There are so many options now when selecting a jerkbait. Different brands, sizes, weights, colors, bills and the list goes on. So for an angler unfamiliar with the technique, it can be a little daunting. We decided to sit down with professional angler and jerkbait expert Chris Zaldain to get his take on one of the main differentiating characteristics. When do you want your jerkbait to suspend, float or sink?
“I almost always throw a suspending jerkbait,” said Zaldain. “I’d say 80 to 85 percent of the time I’m throwing the original Megabass Vision 110.”
In certain situations, Zaldain wants his jerkbait to float. But he says he never fishes a sinking jerkbait.
“If I want the bait to get deeper, I’ll go with a Vision 110+1 or a Vision 110+2, which just means plus one meter or plus two meters, so roughly three or six feet. A spybait is a hard bait that sinks that kind of replaces a sinking jerkbait for me now. You can count it down and there’s more control with a spybait. A sinking jerkbait for me now is one that’s essentially broken and has water in it.”
When to rely on a suspending jerkbait
Zaldain primarily sticks with a suspending jerkbait all year, in all water temps, for all species of bass because it does the one thing you want a jerkbait to do the best- mimic a dying baitfish.
“A lot of times when you look at a dying baitfish in a tank or an aquarium, they just sit still in the water column. That’s why an original suspending Megabass Ito Vision 110 works so well. It just sits there.”
However, that suspending characteristic is largely dependent on one other aspect of your gear: your line. A line that sinks too fast will pull the jerkbait down. A line that floats or sinks too slow will effect the suspension of the bait as well. Zaldain has tinkered with several brands, types of line and pound tests over the years and found one line that does the job perfectly.
“The best line size to get an original 110 jerkbait to suspend freely is 12-pound test Seaguar InvizX. Not 15, not 10, but 12-pound. Right out of the package the 110 will suspend great throughout all the temperatures with that 12-pound Seaguar.”
Although Zaldain will throw a jerkbait year round, he says that the prespawn and post-spawn windows are when it really shines. But what about that other 15 to 20 percent of the time when Zaldain isn’t throwing a suspending jerkbait?
When to rely on a floating jerkbait
“For the floating-style jerkbait, I’ll go with a Vision 110 Magnum and there are a couple of modifications I’ll do to get the bait to float even faster when I want it to.”
For starters, Zaldain will go with a lighter wire hook, which naturally takes a little weight off the bait. But when he really wants to bait to pop back up between jerks, he’ll go with a large diameter monofilament line.
“I like to go with the big, heavy, nasty 20-pound monofilament which floats like crazy. Same rod and same reel. I simply change from that 12-pound fluorocarbon that sinks to that real big diameter monofilament.”
This is a technique that Zaldain primarily uses when fishing around isolated hard cover like docks, rocks and wood and around dense cover like flats with vegetation.
“I strictly do that in four feet or less. I use that floating characteristic of the monofilament as a measure of control. So I go ahead and jerk that jerkbait into that piece of cover and then let the bait float over it.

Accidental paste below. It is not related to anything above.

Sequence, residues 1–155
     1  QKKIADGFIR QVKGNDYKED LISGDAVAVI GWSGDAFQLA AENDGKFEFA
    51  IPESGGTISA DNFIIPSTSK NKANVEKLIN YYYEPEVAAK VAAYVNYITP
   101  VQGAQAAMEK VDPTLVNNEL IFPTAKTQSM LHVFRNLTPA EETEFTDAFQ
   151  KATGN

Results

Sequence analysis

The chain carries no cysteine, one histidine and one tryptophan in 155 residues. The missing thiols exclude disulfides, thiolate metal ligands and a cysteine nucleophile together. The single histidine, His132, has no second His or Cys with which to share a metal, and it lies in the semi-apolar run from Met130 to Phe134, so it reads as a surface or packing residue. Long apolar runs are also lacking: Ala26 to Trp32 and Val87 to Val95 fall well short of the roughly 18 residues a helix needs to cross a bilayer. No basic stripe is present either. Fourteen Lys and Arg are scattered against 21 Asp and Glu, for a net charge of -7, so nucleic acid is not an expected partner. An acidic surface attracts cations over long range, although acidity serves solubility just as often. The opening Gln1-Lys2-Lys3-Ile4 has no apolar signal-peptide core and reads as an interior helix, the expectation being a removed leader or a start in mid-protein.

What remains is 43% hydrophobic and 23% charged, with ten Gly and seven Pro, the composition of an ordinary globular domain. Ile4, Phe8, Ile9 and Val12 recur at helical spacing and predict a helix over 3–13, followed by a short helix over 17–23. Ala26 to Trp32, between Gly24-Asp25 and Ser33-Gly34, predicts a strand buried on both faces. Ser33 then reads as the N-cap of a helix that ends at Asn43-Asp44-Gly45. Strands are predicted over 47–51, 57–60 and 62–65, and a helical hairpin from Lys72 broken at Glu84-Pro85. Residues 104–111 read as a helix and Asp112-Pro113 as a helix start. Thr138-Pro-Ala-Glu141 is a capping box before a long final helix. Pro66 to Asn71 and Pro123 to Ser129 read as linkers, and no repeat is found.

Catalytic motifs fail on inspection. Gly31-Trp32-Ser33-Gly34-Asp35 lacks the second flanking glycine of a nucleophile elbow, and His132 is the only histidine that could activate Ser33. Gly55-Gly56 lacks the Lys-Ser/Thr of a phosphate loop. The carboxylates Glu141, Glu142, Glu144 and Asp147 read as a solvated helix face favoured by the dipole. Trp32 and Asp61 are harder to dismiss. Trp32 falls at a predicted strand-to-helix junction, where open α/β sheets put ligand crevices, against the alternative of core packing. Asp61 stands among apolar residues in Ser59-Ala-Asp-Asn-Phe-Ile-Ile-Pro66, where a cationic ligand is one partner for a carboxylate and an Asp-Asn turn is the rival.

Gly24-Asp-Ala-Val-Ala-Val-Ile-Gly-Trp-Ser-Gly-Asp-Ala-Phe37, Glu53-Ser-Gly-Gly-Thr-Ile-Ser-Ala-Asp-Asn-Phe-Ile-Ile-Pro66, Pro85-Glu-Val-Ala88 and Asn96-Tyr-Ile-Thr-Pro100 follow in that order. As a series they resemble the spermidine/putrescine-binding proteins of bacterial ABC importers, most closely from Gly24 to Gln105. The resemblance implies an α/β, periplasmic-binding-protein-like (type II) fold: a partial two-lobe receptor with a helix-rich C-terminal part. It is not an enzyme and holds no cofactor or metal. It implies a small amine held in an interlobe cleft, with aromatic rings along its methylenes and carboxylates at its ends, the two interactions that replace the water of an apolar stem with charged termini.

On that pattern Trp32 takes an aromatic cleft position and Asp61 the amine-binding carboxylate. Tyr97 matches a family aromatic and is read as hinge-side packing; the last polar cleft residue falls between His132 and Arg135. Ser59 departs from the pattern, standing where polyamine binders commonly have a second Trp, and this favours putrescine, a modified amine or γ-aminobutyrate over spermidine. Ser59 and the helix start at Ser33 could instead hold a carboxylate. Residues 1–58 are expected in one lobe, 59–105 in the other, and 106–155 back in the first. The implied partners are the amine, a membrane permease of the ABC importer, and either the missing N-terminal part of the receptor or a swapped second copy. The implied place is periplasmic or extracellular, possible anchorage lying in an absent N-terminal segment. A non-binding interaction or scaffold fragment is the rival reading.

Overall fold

“Say it’s a lay down log; I’ll jerk, jerk, jerk into it but just before it hits the log and snags, I’ll let the bait float over like you would a balsa crankbait or a squarebill and continue to jerk it around. That heavy mono helps me manipulate the cast and maneuver around cover. Whereas a suspending jerkbait doesn’t do that. If you jerk a suspending jerkbait into a rock pile, it’s just going to sit there.”
Zaldain mainly wants his jerkbait to float when fishing around the spawn and post spawn, and then also in the fall when the shad push to the backs of creeks.
“If I cast over a shallow flat with grass, I’ll use that floating characteristic to work the bait up high and tight to the surface and then when I see the bait get to a hole in the vegetation, I’ll give it a couple of violent strikes down into the hole, knowing that it will pop right back up out of that depression in the grass.”
Interesting color and gear notes
Also worth noting, Zaldain has noticed a trend develop in his color choices when he’s wanting his jerkbait to float versus suspend. With the suspending bait, he’ll go with a more natural, translucent color like Pro Blue or Tennessee Shad. But when he’s wanting his jerkbait to float, it’s a different story.
“I like foil finishes, something real flashy. Ozark Shad is my favorite which is just black back with chrome sides. Or gold. Just anything flashy. And that’s because anytime I’m fishing shallow like that I’m typically fishing in more stained water. Every time I jerk the bait I want it to be sending a big, giant ray of light through the water column.”
With all his jerkbaits, Zaldain goes with the same rod and reel combo. The rod is a 6-foot, 11-inch Megabass Destroyer Oneten Special. An obvious choice since it was literally made for the 110 jerkbait, but his reel selection is a little unique.
“I like a reel that I can palm for fishing jerkbaits. So I like for it to have a full side to it. I use an older Shimano Core in 6.3:1. It has kind of a higher profile. It just has a nice grip to it which helps with fatigue.”
So if you’re like me and you’ve ever found yourself standing in a tackle store staring blankly at a $10,000 wall of jerkbaits, now you’ll have a few bread crumbs to follow from one of the greatest breadwinners with a jerkbait to have ever slung it around. Nine times out of 10 or thereabouts, stick with a suspending jerkbait in a more natural color. When the cover and water clarity dictate it, go with a floating-style jerkbait in a flashy finish. Simple enough. Now time to go catch a bass.